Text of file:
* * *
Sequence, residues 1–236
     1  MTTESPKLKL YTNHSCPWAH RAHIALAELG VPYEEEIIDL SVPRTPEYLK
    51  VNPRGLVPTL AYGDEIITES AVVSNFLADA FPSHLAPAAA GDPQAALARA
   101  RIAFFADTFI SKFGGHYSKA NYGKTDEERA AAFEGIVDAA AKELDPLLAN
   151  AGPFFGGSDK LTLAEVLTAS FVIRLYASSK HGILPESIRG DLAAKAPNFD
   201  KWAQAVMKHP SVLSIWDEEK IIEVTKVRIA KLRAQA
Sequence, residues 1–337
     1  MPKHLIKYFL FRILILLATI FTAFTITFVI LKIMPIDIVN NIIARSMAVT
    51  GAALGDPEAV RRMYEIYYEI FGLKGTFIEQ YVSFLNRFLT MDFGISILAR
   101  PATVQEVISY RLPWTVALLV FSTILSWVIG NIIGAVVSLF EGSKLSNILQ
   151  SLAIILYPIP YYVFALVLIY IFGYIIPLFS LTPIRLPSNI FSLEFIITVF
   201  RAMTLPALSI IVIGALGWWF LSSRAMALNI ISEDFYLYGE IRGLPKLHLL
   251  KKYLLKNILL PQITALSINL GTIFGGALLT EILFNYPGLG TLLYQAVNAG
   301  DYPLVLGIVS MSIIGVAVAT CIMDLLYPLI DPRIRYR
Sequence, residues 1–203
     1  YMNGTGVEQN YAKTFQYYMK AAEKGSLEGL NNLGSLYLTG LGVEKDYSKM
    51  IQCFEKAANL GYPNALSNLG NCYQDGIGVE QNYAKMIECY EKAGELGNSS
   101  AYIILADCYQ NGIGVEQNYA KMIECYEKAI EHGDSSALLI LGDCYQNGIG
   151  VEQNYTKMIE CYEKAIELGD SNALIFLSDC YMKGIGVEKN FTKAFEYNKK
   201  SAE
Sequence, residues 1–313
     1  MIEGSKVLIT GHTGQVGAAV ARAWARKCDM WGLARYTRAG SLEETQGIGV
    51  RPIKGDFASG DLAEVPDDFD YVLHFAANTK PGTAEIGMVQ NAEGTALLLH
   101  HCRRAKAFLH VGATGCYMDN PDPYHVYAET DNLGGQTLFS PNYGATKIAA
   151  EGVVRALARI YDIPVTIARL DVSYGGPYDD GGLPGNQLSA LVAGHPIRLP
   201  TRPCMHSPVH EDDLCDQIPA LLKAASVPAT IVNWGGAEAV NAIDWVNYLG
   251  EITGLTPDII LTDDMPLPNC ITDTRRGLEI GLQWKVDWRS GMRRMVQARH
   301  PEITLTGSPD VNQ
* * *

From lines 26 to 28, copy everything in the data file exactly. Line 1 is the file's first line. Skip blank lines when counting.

   201  TRPCMHSPVH EDDLCDQIPA LLKAASVPAT IVNWGGAEAV NAIDWVNYLG
   251  EITGLTPDII LTDDMPLPNC ITDTRRGLEI GLQWKVDWRS GMRRMVQARH
   301  PEITLTGSPD VNQ